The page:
Carpenter Sellers Del Gatto Architects last month was presented with the Nevada chapter of the American Institute of Architects’ 2018 Firm of the Year award, the Silver State’s most prestigious award for an architecture firm. CSD, which started in 1986, also brought home three additional honors for individual projects—UNLV’s Hospitality Hall, Henderson Inspirada fire station #91 and the Henriksen Butler Showroom.
“We work hard to build a culture here of care—caring about the people we work with, the people that work for us and the clients that we serve,” said Michael Del Gatto, co-owner of the firm. “We’re not out for good enough; we want to be the best and we don’t stop innovating on a design until it’s right.”
A judge’s statement from the contest cited CSD’s “consistency of high-level performance” through its firm’s transition in ownership as “a testament to the strong firm ethic of design quality and service.” Judges also praised CSD for its focus on investing in its own employees (there are 29), interns and students in the community.
It’s a long way from the company’s humble beginnings. Masonry contractor Bill Daley in 1986 offered company founders his back office free for a year to set up shop. By the turn of the decade, they began growing, and by 1999 won their first AIA Nevada Firm of the Year award with a staff of 12. Del Gatto joined Rick Sellers and Steve Carpenter, first signing on in 2000, and became a partner in 2005. Carpenter retired in 2011, leaving Sellers and Del Gatto at the helm.
While the company does enough business to continue growing, both Sellers and Del Gatto said their goal is to maintain a modest size that allows them to be local and interpersonal, instead of a large agency-style corporation. Focusing on relationships and quality individual projects, with input from each of the company’s employees, has been key to CSD’s success.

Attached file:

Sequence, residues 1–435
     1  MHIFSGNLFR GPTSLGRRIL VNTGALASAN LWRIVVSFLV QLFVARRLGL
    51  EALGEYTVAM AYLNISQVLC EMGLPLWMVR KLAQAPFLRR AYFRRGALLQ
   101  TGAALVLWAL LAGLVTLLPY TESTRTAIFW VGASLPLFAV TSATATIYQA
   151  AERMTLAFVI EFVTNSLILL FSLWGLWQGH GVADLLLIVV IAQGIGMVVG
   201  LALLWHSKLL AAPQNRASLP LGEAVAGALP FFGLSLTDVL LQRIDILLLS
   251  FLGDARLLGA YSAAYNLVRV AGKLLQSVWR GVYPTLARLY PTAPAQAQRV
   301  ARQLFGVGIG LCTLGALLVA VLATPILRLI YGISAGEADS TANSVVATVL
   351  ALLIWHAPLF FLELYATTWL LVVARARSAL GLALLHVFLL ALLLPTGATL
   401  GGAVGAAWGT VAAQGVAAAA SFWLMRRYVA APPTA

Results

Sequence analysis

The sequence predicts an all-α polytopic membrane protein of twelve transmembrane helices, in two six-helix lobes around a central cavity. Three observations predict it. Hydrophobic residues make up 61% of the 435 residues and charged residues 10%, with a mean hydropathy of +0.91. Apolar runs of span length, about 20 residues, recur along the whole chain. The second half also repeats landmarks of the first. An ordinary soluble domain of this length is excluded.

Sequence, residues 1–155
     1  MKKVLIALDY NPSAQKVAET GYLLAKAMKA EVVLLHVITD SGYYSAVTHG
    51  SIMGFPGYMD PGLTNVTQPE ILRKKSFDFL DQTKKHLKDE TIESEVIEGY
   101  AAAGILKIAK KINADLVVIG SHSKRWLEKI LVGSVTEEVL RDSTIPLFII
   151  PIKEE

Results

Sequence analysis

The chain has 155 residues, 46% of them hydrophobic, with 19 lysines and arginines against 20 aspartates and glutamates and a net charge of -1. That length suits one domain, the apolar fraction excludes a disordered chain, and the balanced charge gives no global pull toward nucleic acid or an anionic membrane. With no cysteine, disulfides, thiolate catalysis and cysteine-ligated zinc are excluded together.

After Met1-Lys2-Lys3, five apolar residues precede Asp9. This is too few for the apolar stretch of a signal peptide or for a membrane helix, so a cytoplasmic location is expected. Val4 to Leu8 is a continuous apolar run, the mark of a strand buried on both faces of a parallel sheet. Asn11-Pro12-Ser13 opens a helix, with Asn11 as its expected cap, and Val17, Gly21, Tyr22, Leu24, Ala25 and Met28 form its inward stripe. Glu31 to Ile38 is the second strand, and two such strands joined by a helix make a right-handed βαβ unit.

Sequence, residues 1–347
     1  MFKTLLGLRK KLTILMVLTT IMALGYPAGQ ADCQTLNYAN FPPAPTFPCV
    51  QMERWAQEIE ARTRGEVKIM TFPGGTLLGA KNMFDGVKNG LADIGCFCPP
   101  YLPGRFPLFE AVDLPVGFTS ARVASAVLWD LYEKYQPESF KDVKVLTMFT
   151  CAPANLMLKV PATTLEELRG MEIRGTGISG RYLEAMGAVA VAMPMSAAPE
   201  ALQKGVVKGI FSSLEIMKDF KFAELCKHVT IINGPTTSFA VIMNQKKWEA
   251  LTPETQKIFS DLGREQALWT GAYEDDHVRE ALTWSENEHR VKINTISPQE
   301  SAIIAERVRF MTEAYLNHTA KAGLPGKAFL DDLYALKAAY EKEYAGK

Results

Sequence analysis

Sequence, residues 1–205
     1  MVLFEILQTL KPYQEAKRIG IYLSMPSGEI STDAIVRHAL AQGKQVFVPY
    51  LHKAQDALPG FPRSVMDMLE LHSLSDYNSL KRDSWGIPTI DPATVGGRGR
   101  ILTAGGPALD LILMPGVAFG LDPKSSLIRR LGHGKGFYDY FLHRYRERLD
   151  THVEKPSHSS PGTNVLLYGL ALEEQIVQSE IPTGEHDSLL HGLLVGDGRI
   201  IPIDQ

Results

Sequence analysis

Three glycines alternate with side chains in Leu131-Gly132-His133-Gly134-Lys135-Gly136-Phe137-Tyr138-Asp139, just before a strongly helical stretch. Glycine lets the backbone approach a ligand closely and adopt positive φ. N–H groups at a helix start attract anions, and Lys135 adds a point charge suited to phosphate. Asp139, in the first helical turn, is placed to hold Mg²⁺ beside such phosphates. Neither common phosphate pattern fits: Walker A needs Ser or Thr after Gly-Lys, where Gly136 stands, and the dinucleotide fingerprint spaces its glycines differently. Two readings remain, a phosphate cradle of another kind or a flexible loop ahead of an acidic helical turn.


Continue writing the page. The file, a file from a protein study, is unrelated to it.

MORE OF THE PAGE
“We want to get our clients as excited about architecture as we are,” Sellers said. “We’re prideful about how we do business. It’s a big family and big team all put together.”
“These are not one-and-done type clients,” Del Gatto added. “For us, it’s not about trying to grab everybody’s work, but working with people you’re going to have fun and develop relationships with.”
CSD, in their projects, oversees the entirety of a building’s construction—architects work with clients to draw a design for a new building on paper, then handle hiring and consultants and oversee construction work when necessary.
The company’s interpersonal outreach goes beyond its own projects. Del Gatto, who won his first AIA award as a high schooler in 1992, mentors AIA student participants.
The Washington, D.C.-based American Institute of Architects serves as the industry’s largest advocacy and support group. Founded in New York City in 1857, it has nearly 100,000 members across the country.
AIA Nevada, the state’s chapter based in the central valley, has held some form of the annual awards show for 62 years since its founding in 1956, said program manager Caron Richardson.
Hundreds of employees from architecture firms across Nevada showed up for November’s event at the Four Seasons Hotel. More than 50 entries were submitted to this year’s contest, and judges ranked the submissions before looking at the company names for the entries.
The six judges included members with “fellowship” status in AIA, the organization’s highest licensing distinction for veteran members, Richardson said. Other awards included those for design and the annual “young architect” prize for the top architect licensed 10 years or less. A leadership award and allied member award were also issued at this year’s event.